No. 452
Crime, Eccentricity, and the Sporting Life in 19th Century America.
December 12, 2019

The Pastor Kissed Her.

That is the allegation made against Dominie Hall of the Methodist Church at Livermore, Ky., by Miss
November 28, 2016
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William J. Elder, aged 61, was addicted to drink and when under its influence was violent and uncontrollable. His wife tolerated his abuse as long as she could then packed up and moved out of their farm in Hammonton, New Jersey, leaving behind her two sons, Robert and Mathew. In 1887, 19-year-old Robert Elder moved out of his father’s house as well. 12-Year old Mathew Elder was still
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It’s the blue hour in “Rainy Day, New York,” a 1940 painting by Leon Dolice—a Vienna-born artist who came to Manhattan in the 1920s. The sun has sunk below the horizon, and sidewalks and buildings are cast in a blueish glow, illuminated by streetlamps, car headlights, and the reflection of rain-slicked streets. I’m not sure […]
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[Editor’s note: Guest writer, Peter Dickson, lives in West Sussex, England and has been working with microfilm copies of The Duncan Campbell Papers from the State Library of NSW, Sydney, Australia. The following are some of his analyses of what he has discovered from reading these papers. Dickson has contributed many transcriptions to the Jamaica Family […]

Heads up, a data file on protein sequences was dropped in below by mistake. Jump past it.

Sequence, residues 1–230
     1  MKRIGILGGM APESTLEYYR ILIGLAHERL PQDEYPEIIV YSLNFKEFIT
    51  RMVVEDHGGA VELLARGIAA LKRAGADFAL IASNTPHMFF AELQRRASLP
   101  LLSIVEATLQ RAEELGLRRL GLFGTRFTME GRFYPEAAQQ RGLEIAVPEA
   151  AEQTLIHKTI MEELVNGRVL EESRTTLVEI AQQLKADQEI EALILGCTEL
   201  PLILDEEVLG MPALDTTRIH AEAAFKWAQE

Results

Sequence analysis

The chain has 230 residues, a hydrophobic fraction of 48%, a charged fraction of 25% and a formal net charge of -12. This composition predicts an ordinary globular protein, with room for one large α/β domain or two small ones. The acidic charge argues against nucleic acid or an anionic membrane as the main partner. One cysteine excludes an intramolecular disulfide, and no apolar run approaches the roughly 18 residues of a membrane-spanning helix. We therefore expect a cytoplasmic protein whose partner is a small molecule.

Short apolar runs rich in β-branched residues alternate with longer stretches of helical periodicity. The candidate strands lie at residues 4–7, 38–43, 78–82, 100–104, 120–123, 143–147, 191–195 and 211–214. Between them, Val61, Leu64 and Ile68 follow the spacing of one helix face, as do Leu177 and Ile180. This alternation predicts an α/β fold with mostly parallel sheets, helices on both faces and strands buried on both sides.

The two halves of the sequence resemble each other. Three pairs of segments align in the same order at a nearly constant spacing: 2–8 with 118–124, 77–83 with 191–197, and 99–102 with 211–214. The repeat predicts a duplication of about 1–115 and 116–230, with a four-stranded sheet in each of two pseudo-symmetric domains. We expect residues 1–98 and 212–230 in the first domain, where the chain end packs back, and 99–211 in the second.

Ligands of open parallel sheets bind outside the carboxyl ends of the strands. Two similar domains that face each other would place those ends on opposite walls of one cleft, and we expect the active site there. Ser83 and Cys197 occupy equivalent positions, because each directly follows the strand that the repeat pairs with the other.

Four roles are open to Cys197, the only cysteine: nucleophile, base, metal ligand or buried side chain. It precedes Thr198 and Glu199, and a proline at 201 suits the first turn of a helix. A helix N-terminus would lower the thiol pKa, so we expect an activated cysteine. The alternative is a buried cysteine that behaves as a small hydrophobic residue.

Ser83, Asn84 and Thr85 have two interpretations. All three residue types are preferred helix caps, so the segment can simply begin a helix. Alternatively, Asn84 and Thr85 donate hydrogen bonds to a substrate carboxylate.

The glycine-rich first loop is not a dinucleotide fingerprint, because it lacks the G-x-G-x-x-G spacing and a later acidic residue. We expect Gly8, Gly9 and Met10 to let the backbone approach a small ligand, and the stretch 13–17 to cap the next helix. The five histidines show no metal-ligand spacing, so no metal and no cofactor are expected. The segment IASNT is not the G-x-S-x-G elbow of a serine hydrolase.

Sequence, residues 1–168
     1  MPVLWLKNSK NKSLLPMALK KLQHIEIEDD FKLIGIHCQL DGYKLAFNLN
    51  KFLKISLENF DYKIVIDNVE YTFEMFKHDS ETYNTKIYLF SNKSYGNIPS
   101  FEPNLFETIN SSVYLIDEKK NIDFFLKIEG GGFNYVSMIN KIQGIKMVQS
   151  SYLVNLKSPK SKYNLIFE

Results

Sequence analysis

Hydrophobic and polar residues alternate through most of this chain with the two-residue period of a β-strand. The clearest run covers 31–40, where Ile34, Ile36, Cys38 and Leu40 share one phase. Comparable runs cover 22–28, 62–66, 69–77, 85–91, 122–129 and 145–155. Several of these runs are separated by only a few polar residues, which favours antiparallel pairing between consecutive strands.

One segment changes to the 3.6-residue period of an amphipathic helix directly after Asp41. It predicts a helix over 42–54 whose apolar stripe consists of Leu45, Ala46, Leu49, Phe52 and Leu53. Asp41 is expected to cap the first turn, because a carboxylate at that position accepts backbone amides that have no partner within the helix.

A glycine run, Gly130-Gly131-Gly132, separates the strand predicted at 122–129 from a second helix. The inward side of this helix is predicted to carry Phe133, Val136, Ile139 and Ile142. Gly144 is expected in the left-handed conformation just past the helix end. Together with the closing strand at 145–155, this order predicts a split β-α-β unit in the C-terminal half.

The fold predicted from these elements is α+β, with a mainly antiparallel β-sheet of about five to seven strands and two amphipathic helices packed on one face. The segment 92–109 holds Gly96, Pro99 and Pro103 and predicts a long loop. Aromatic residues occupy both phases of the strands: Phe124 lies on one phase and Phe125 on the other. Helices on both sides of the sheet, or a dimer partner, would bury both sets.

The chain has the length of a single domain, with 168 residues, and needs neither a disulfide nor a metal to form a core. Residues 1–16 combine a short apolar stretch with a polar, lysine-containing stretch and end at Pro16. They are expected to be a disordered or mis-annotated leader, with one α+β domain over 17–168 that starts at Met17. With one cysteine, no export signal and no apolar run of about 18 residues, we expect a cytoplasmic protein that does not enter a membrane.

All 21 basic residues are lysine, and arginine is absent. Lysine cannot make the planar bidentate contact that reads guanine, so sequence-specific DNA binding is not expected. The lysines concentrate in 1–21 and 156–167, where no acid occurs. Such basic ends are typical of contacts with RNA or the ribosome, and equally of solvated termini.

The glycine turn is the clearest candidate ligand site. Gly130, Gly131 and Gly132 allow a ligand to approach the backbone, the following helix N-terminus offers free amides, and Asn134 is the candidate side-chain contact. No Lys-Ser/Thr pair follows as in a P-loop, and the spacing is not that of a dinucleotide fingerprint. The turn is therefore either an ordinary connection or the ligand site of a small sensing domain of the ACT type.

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Early American Crime - 2/7/2019
December 1860. | Mrs. Snyder Pays Her Bet.

The Pastor Kissed Her.

The Pastor Kissed Her

That is the allegation made against Dominie Hall of the Methodist Church at Livermore, Ky., by Miss May. [more]

Society in Livermore, Ky., especially in church circles, has been in a high state of excitement for several days over a sensation in which Rev. Charles W. Hall, a minister of the Methodist Chruch and a Miss May, a young member of the same congregation figure as the principal parties. The cause of the affair was a charge made by Miss May to the effect that Rev. Chas. Hall forcibly hugged and kissed her. The feeling was heightened by the fact that the friends of the young lady were not content to let the minster off without the exposure consequent upon hearing of the matter before he District Conference, which met there recently. Miss May’s story is straightforward, modest and frank. She says that on a certain occasion they happened alone together, with nobody near or looking. He seized the delightful opportunity and gathered her in his arms, at the same time popping a burning kiss squarely down upon her lips. Being incensed beyond measure, she spurned him from her, at the same instant letting fly her dainty fist upon his nose with all the force in her. He recovered himself and left, beseeching her before he left her to say nothing of the matter, as he meant no harm by it.


Reprinted from National Police Gazette, October 6, 1888.